Much of our social life is currently semi-public on social media such as Twitter and Facebook. The Internet makes it easy for a person to hide their identity, create a false identity, or impersonate someone else – perhaps a fake friend – which makes it easier to spy on a person’s activities through social media. Like cyberbullying, the simplicity of anonymity on the Internet can encourage a cyberstalker because he thinks (often correctly) that no one will expose him.

We regularly encounter cases where the stalker has been able to find and guess the victim’s e-mail or other online accounts, which makes it easier to find the victim’s whereabouts, conversations and correspondence. In some of these cases, the perpetrator even impersonates the victim, sends fake e-mails and messages, posts like the victims themselves, or publishes embarrassing images as if the victim himself was the source of the statements, images or videos.

This was beginning to be understood, and it was believed to mean that the government could not prevent you from making your contribution, no matter how much the government or anyone else disagreed. This applies to all governments in the United States – federal, state, local entities, and public officials of these public entities. You are free to speak in the “Public Square”. Please note that the public square concept only applies to government entities, property and officials. It does not apply to private or commercial property. Property owners or business owners may prohibit you from speaking certain things or anything to speak on or within their own property, business or broadcast, unless otherwise permitted.

Stalkers can find a way to infiltrate the victim’s financial, social and family life structures, leaving personal lives in ruins. Although it is easy to read about such events and behaviors – this is everywhere in the news – victims often find that they are not taken seriously and that friends and loved ones call it neurotic or paranoid. Because the cyber stalker often tries to damage the victim’s reputation, the reactions of the victim’s loved ones often support the stalker’s goals.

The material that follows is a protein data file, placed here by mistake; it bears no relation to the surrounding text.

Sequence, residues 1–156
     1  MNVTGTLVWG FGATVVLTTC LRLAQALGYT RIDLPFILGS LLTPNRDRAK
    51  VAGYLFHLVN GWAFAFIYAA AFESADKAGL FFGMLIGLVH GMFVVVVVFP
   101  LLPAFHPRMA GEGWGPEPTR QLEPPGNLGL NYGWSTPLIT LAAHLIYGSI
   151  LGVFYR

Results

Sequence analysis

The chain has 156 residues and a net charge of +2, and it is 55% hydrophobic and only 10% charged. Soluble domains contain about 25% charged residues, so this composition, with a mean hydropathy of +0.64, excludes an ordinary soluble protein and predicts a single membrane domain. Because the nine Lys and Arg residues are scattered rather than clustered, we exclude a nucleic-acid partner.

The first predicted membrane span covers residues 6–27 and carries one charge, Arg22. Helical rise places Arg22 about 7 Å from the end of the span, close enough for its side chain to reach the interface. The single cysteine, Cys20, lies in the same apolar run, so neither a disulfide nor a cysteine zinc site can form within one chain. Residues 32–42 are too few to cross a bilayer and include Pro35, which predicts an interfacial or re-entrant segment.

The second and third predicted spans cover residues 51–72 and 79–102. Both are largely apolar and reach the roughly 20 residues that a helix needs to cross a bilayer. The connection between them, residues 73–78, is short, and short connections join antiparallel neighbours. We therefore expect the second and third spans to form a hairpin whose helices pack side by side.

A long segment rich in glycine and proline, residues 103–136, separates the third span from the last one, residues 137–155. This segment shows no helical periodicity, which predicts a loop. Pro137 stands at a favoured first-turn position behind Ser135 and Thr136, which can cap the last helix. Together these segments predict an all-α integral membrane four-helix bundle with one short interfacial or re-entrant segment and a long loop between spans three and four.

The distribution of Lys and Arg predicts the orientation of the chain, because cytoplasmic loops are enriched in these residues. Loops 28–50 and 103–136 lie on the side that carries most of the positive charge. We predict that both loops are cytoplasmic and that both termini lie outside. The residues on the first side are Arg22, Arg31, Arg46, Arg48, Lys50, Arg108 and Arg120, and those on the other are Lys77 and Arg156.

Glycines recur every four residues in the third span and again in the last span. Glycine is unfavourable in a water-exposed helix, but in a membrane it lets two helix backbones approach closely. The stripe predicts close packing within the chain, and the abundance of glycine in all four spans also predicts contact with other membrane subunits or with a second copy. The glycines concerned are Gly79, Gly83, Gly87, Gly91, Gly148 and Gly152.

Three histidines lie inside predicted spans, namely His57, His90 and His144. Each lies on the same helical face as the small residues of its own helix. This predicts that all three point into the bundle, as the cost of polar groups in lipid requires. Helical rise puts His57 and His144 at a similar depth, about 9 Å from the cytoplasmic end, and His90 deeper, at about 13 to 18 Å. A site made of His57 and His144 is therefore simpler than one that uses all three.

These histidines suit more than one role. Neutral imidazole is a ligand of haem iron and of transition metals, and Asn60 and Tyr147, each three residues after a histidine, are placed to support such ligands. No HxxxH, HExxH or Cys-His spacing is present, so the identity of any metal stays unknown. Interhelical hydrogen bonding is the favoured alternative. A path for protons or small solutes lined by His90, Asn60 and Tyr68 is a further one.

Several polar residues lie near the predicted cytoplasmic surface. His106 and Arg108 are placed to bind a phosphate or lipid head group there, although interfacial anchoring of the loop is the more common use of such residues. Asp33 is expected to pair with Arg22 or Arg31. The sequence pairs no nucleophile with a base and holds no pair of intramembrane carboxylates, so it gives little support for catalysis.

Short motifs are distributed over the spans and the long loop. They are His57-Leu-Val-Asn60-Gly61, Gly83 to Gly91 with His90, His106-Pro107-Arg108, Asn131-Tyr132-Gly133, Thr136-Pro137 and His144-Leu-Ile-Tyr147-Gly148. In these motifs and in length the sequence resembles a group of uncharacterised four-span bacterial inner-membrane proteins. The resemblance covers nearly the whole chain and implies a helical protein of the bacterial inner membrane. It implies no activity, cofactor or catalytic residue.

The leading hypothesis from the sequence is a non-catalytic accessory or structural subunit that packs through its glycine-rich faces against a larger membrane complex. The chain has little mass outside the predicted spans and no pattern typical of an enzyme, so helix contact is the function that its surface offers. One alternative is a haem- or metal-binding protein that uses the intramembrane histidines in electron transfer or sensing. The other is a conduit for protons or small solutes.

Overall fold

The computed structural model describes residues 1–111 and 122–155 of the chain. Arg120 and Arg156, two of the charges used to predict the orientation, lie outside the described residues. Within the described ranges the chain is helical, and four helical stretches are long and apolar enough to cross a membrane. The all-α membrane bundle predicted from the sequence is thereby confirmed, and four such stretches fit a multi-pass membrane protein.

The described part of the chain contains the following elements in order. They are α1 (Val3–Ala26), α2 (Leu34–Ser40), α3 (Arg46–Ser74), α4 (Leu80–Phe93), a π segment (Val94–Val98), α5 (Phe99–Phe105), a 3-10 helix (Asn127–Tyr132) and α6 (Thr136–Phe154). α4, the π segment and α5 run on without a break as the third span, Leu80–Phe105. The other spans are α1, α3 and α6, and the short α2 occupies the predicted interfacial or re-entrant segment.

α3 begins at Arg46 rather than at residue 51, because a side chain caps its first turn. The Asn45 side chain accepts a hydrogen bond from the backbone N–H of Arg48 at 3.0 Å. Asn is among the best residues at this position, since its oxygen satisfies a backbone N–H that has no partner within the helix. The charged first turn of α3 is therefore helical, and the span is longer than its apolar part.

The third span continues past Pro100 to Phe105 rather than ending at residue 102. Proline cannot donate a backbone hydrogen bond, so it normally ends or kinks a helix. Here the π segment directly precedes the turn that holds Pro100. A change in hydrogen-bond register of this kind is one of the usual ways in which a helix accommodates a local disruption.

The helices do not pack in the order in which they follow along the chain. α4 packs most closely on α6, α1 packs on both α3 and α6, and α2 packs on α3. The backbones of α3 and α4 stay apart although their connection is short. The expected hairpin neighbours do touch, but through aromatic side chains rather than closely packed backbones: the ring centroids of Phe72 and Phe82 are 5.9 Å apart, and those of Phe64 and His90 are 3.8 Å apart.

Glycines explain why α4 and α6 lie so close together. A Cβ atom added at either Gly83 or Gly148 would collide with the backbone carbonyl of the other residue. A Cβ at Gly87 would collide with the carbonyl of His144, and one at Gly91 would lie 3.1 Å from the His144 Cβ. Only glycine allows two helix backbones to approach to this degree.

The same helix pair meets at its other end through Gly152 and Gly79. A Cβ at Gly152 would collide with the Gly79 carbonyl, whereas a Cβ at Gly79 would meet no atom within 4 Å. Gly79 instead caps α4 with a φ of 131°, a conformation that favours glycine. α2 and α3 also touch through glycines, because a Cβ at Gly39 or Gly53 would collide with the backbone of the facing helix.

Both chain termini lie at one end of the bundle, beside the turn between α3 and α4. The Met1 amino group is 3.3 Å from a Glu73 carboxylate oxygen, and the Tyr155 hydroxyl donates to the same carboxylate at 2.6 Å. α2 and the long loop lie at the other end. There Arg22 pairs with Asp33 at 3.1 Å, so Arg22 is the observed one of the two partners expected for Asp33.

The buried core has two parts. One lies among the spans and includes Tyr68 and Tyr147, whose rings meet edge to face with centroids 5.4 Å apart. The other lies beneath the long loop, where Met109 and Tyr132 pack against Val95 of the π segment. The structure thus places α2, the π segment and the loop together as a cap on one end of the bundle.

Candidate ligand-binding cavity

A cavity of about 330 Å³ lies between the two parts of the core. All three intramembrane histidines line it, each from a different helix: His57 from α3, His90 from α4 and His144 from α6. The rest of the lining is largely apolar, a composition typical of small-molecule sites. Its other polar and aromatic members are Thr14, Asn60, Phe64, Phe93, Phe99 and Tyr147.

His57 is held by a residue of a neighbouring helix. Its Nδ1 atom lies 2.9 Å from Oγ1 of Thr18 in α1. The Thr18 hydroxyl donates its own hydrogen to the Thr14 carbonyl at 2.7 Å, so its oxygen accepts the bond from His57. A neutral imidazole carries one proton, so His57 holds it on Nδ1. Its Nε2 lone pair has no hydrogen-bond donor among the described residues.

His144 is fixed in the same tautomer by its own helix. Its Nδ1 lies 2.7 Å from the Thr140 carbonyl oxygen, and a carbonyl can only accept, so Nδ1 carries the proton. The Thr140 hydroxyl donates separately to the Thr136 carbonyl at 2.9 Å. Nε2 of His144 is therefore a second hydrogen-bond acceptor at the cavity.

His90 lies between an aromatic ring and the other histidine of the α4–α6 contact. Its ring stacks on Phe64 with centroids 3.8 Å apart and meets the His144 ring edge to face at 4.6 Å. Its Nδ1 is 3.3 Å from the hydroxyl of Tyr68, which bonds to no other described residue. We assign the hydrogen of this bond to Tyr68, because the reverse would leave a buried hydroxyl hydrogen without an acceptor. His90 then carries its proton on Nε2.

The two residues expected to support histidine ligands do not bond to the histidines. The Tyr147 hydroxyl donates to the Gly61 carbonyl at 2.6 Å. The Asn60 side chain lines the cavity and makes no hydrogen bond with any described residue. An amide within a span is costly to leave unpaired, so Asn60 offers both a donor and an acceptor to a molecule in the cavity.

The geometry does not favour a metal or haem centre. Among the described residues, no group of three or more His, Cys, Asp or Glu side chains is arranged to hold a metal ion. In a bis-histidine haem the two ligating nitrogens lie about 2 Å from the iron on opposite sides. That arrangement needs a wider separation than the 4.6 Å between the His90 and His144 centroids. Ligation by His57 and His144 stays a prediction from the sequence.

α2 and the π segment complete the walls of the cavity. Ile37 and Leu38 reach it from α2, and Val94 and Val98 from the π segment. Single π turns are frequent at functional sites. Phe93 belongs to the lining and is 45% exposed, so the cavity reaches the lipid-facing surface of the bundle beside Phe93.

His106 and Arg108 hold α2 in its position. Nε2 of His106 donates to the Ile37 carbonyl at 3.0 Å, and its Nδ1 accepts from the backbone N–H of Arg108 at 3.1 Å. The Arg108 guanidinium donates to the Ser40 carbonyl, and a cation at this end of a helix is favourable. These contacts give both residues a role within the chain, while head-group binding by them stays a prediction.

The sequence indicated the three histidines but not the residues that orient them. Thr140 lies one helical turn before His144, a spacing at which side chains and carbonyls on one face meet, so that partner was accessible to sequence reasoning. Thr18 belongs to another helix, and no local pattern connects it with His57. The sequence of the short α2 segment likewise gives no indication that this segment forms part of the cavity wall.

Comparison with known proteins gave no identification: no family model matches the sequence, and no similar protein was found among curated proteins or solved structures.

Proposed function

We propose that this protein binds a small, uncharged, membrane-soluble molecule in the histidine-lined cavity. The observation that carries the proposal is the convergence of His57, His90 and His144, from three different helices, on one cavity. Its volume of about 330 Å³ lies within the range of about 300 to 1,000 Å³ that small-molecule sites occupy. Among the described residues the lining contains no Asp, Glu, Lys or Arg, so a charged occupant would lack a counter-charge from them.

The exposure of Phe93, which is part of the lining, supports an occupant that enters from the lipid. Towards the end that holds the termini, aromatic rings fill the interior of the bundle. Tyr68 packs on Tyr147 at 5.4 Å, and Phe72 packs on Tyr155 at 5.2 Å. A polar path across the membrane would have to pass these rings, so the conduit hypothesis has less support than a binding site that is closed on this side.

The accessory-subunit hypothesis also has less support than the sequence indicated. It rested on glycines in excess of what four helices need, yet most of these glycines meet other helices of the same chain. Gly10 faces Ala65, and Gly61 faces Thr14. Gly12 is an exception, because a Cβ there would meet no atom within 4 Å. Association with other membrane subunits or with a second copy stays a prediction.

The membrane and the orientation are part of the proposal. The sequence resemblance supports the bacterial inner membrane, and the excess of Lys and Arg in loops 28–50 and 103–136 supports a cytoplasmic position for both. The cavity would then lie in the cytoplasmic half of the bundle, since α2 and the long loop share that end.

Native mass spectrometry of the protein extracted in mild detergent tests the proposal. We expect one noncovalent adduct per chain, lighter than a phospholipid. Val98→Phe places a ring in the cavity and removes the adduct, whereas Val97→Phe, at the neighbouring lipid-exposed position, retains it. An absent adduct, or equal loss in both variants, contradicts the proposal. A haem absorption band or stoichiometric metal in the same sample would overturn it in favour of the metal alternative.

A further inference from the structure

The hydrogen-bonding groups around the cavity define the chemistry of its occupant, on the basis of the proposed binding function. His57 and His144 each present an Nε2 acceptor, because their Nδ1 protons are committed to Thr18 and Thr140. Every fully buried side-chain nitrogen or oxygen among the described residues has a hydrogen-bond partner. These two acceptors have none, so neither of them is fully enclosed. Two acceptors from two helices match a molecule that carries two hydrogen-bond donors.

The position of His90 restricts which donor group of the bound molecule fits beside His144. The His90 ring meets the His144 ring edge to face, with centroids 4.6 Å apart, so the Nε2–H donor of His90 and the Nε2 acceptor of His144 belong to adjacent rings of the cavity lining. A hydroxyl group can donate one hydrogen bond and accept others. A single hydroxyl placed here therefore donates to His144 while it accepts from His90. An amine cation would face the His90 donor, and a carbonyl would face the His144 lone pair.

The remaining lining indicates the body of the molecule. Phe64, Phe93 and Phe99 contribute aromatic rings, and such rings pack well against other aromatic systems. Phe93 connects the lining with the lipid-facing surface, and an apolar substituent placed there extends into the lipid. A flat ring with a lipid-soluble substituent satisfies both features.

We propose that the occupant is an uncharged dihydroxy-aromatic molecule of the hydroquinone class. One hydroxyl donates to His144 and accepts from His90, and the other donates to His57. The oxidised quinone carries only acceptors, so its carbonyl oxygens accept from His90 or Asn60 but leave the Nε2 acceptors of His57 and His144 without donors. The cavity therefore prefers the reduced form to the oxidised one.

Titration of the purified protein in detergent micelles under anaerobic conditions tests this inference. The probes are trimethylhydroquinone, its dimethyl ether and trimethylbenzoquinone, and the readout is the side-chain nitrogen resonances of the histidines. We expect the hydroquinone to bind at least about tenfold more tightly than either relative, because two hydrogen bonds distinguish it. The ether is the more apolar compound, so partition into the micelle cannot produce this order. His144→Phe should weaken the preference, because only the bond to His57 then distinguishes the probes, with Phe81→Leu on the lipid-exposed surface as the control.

And while cyberbullying is illegal in many parts of the country and around the world, these actions rarely reach the level that law enforcement authorities need to see in order to take them seriously or to investigate them. Read between the lines in the reports and you will find that almost all arrests that involve cybercrime involve a terrible threat, violation of an existing injunction, ID theft, physical property theft, or child abuse.


Internet trolling is behavior in which a troll intends to incite, upset, or otherwise harm civil discourse. In the context of this series of articles, he tends to disrupt others’ online or public communication by using abominable invectives, insults, and other verbal chaos. It is often misogynistic. The ability to be anonymous on the Internet removes much of the barriers that one might otherwise feel when behaving so rudely.

What to do?

The common thread of the described behavior is the ability to be anonymous on the Internet. One might imagine that removing the possibility of being anonymous would remove the motivation for the behavior, but in this case, the solution would probably be worse than the problem. In the first part of this series, we discussed freedom of speech – one of our most important rights – and the importance of anonymity. Both have played a huge role in the very creation of our nation and continue to protect those who speak of abuse, although anonymity allows for other forms of abuse. what should we do?

In Part 3, we discuss what we can do and what is being done – legally and socially – to reduce harmful cyber behavior.

Leave a Reply 0

Your email address will not be published. Required fields are marked *